Hummingcrow & Co.

birds

Kate   Happy World Migratory Bird Day!   Seán

This year, our local bird observatory are hosting the first annual Victoria Bird Week! We're looking forward to filling out our Bird Bingo card over the feather-ful days ahead and attending some of the fascinating talks. Meanwhile, here are some charming migratory birds we've been noticing on the hill today:

  Chipping sparrow (short-distance migrant) preening after a bath

  Violet-green swallow (medium- to long-distance migrant) spotted house-hunting through one of our feather friendly windows

  Rufous hummingbirds (long-distance migrant) [see also: last year's post]

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Seán   #Meanwhile

A thirsty female rufous hummingbird A thirsty rufous hummer (Selasphorus rufus) returns from her long-distance journey.

April 8, '10: Hummingbirds thick as wasps at feeders this pm -
20 rufous + Annas swarm at dusk
April 11, '04: 'a hummbird wades into bird bath & takes a bath like a robin'



Kate  #Meanwhile

crossbills A conga line of colourful crossbills (Loxia curvirostra) descend upon our bird bath.

March 25, '02: Swallows look in new house

🌱 Sounds of the first spring morning 🎶

Birds in this recording, as identified by Kate:

American Robins, Common Ravens, Pacific Wren, Rooster, California Quail, Dark-eyed Juncos, Gulls (Glaucous-winged?), Anna’s Hummingbirds, Northwestern Crows, Pine Siskin, Downy Woodpecker? (drum), Spotted Towhee, Northern Flicker

~13 Species in 14 minutes

Kate  New Year, New Nectar

Here on Hummingbird Hill, one of our most important duties is to keep the hummers happy. We have a handful of hummers year-round who regularly come to sip the sweet stuff from our two saucer-style feeders. When we were still new at it, we found it difficult to remember which of us changed the nectar last and when. This resulted in confusion and—more importantly—the potential risk of unhappy hummers.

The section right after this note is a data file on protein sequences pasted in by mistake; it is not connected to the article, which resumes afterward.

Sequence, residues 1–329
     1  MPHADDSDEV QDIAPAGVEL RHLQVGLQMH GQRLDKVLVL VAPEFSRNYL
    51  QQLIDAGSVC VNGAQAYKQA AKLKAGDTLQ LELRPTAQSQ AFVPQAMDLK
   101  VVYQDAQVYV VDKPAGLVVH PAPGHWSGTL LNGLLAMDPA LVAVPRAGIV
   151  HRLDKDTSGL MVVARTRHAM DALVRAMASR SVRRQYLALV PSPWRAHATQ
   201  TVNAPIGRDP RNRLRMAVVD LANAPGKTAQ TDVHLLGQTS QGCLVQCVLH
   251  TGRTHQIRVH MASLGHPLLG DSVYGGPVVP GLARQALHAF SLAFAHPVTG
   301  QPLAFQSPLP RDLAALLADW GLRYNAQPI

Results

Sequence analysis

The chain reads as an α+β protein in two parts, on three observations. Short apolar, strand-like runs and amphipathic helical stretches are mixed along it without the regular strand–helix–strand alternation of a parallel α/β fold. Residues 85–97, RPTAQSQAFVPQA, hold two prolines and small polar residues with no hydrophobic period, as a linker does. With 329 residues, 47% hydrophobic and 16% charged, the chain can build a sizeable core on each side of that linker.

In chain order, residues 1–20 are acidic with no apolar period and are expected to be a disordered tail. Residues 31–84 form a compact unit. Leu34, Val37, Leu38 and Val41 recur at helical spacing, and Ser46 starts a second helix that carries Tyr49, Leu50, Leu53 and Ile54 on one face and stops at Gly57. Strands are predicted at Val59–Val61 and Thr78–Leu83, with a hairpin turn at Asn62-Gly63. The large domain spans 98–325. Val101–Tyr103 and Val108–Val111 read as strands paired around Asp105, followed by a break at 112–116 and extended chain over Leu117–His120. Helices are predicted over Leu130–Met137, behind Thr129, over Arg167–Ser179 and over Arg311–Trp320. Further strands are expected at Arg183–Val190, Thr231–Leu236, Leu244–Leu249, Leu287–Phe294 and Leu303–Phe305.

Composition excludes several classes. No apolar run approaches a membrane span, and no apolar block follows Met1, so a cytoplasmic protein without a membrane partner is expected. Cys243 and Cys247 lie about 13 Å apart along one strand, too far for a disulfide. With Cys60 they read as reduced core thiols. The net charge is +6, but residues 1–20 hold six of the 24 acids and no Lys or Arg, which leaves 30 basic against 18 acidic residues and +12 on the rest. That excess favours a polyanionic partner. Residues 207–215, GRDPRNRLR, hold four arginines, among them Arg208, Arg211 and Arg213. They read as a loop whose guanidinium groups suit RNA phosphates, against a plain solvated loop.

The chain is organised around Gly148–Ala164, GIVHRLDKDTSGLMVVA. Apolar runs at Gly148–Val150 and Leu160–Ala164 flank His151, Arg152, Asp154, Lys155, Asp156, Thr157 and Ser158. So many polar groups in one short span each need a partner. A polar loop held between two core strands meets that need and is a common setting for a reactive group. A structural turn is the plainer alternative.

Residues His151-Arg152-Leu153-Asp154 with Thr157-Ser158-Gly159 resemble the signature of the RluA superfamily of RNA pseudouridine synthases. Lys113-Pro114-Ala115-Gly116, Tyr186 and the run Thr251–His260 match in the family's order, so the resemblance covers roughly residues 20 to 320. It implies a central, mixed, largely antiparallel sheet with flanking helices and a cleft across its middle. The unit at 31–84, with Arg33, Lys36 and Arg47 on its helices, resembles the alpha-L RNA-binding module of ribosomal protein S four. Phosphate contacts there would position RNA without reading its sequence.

So, I came up with a solution.

Enter: Nectar Refresh Schedule!

hhhummers banner

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Kate  Field Notes from Japan (日本からのフィールドノート)   Seán

こんばんは!

This week marks the 36th anniversary of Hummingbird Hill, and soon we'll officially be back in Metchosin to reflect, reorient, and prepare for the future. We have exciting plans for the new year, and will be busily laying the groundwork for the next chapter of Hummingcrow & Co. through the winter. We'll have a bit more to share on that front in our next post, but before we take a break? from our exploration of 日本, we thought we'd share a field report from our digital studies of two species which have delighted us over the past several weeks.


Kate head ~ Kate (ケイト): Hummingbird hawk-moth

rufous hummer vs hawk moth 「ハチドリ VS ホウジャク」illustration by Kate (ケイト)

While researching different 鳥 (birds) in Japan, we wondered if there was anything similar to a ハチドリ (hummingbird) there. Well, we discovered that they don’t have hummingbirds, but they do have amazing hummingmoths, known as 蜂雀 (literally “bee sparrow”) or hummingbird hawk-moth in English. The two of them are a case of convergent evolution— unrelated species in different places evolving similar traits to adapt to similar conditions—sharing the same hovering method and sipping nectar from flowers, pollinating along the way.

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Seán   🍁「 楓蔦黄 」🍂  Kate